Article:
Today, I had a hospital appointment. Nothing serious…but it’s not exactly my favourite place and I was forced to miss the first afternoon of school after the October holiday and INSET, which wasn’t ideal. Still, once I’d powered through the morning lessons and sung a few rounds of Queen’s ‘The Show Must Go On’, I was ready to brave the airport-like abyss of waiting rooms and waiting patients, even managing to sound relatively cheery.

The middle-aged, chubby blonde at reception looked at me like I was something I stepped in, and barely managed to grunt. Her manner, tone of voice and facial expressions all told me that she’d rather be scrubbing dog shit from her kid’s shoes than speaking to me.

Could I be being over-sensitive? Sure. Could this woman just be having a bad day? Of course. Could she just be a miserable bitch? Well she wouldn’t be the first working on patient reception right?! Whatever the reason though, it’s just not good enough. It would be poor enough to act like this if you worked in a shop, but in a hospital where your ‘customers’ are the sick, vulnerable and often ‘bloody miserable’, it’s just awful.

That woman was one of four people that I spoke to in the afternoon and it has to be said that the others were terrific, but as I left, I couldn’t help but picture that horrible woman’s face and it really made me thing about the unknown, interminable impact we have on others simply by the way we carry ourselves.

As a hospital patient, an experience like this might simply serve as a reminder that you don’t like being in hospitals. In the classroom, treating students like this has to potential to put them off a topic, a teacher or school in general.

I speak from experience here. My high school Geography teacher was the most unpleasant, cold man. A real ‘bully’ in every sense of the word, and someone that clearly had no time, patience or like for children. I was incredibly hardworking as a student, but also ridiculously shy, and the thought of this teacher’s regular humiliation routines sent my anxiety into overdrive. I hated him, and therefore, I hated Geography, which is why I chose History as my year 9 option. As it happened, I ended up falling in love with History, but who knows what might have been if my teacher had been a little warmer in his approach. That’s the power that we have as educators.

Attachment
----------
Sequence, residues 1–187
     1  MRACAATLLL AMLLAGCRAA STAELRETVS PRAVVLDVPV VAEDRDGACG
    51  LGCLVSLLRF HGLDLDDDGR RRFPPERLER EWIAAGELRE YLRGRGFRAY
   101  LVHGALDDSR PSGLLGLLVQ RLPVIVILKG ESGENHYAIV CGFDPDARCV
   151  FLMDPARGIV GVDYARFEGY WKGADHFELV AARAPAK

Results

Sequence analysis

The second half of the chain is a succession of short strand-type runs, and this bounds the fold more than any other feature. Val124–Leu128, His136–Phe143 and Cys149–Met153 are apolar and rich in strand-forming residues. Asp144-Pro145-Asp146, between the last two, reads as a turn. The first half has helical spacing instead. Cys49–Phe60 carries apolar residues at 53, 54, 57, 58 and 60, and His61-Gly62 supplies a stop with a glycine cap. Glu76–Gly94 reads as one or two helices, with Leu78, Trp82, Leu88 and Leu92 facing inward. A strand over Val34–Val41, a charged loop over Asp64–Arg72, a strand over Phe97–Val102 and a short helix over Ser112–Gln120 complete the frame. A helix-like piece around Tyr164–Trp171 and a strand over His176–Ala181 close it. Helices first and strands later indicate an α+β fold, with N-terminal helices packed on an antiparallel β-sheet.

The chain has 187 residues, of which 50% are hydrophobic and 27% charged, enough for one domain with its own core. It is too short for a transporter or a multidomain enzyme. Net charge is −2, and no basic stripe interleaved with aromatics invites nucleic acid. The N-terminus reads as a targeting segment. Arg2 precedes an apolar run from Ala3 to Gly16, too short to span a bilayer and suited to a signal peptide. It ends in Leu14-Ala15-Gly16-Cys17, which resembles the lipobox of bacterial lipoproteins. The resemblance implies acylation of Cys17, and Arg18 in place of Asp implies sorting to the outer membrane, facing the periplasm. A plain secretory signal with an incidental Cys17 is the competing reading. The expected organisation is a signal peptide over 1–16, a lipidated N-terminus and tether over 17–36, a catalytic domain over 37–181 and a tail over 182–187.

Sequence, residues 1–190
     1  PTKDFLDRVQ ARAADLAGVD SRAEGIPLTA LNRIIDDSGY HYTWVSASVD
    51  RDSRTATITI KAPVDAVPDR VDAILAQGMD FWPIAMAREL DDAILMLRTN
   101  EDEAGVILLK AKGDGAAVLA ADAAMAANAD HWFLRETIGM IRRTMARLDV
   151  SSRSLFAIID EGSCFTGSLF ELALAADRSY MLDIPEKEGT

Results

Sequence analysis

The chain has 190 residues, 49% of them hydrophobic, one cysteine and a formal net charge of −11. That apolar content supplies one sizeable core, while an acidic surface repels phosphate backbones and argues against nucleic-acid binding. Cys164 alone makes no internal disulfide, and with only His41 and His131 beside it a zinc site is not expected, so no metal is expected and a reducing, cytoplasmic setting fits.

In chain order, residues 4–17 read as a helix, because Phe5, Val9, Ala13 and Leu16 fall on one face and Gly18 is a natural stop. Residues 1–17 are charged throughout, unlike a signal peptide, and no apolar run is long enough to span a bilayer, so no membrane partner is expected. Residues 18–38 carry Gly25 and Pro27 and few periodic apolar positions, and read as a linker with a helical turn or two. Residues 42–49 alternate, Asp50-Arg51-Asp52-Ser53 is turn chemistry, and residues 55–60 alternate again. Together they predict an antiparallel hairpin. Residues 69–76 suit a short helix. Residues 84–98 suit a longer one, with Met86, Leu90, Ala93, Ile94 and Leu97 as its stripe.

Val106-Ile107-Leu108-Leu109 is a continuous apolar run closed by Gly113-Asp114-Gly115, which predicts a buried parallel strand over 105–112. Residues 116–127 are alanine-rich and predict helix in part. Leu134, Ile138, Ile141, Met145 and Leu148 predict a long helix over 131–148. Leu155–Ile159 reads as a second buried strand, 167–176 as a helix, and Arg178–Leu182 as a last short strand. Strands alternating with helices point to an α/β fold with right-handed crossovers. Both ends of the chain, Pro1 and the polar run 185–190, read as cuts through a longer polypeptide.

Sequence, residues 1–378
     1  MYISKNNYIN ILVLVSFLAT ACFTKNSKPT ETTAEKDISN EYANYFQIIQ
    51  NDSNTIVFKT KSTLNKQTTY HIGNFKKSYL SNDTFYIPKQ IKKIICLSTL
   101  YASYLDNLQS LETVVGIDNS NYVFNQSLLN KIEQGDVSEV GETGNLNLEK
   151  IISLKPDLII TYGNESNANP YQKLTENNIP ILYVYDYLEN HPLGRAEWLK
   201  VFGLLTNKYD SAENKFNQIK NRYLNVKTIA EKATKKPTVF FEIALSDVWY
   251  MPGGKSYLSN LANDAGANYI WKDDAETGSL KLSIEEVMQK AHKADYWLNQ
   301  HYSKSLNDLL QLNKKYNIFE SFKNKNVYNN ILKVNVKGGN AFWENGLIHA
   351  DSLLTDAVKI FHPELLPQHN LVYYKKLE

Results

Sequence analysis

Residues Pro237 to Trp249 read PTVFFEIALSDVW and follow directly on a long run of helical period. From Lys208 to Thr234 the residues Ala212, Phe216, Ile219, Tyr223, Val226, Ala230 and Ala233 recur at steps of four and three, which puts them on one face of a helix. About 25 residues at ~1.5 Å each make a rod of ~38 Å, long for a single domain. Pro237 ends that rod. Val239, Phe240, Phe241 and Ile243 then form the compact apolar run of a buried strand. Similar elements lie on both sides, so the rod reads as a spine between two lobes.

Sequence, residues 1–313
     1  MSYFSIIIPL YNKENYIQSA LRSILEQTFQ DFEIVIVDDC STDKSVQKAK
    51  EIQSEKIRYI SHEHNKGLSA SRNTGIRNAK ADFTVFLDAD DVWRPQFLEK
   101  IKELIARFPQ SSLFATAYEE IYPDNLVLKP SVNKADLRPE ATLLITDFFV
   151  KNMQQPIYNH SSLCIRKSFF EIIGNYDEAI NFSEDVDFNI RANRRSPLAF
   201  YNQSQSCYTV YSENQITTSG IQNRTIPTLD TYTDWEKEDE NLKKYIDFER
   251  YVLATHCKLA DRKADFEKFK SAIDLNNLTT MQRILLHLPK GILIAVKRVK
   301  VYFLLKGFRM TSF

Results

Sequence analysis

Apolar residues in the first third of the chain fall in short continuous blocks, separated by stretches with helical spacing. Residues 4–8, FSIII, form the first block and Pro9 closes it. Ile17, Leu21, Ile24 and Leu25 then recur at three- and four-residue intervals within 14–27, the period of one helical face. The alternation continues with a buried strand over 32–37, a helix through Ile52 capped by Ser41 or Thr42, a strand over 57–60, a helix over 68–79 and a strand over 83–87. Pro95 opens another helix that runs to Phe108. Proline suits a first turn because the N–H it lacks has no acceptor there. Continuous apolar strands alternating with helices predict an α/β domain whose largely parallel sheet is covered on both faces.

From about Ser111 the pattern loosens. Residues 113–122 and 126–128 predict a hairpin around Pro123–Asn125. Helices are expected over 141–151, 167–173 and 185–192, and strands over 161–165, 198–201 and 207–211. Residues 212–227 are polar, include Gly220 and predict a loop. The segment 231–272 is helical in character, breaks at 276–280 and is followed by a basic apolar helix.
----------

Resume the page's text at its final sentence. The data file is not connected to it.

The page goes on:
And let me remind you that I was a grade-A swot in school with parents who really cared about me and my education. Imagine what this sort of negative student-teacher relationship would do to a child who had less-than supportive parents; a child who already had a negative attitude towards learning; a child who was lower-ability or had special needs.  Who knows what impact this same situation might have on their attitude towards themselves, the subject, the school? Who knows how this might effect the choices that they make when it comes to choosing subjects or going to college?

Speaking from the other side I can say, yes – I get it – teaching these days is laden with bullshit. And we definitely have some complaints that deserve listening to…

But never let this contempt or misery break into the sacred realm of the classroom. There, we need patience and warmth and kindness. Just as a good parent puts the needs of their child above their own; so too must educators shelve their bad moods and put on a happy face for those they teach. Because at the end of the day, people don’t learn anything from people they don’t like.

Your students will probably still complain sometimes that they’re rubbish at X, Y or Z; that they hate school; that’s it’s all just too hard and terrible and oh so dramatic; but at least you’ll know that it’s not because their teacher presented it in a way that made them feel small, or stupid, disliked or unwelcome. It’s just the topic that’s crap!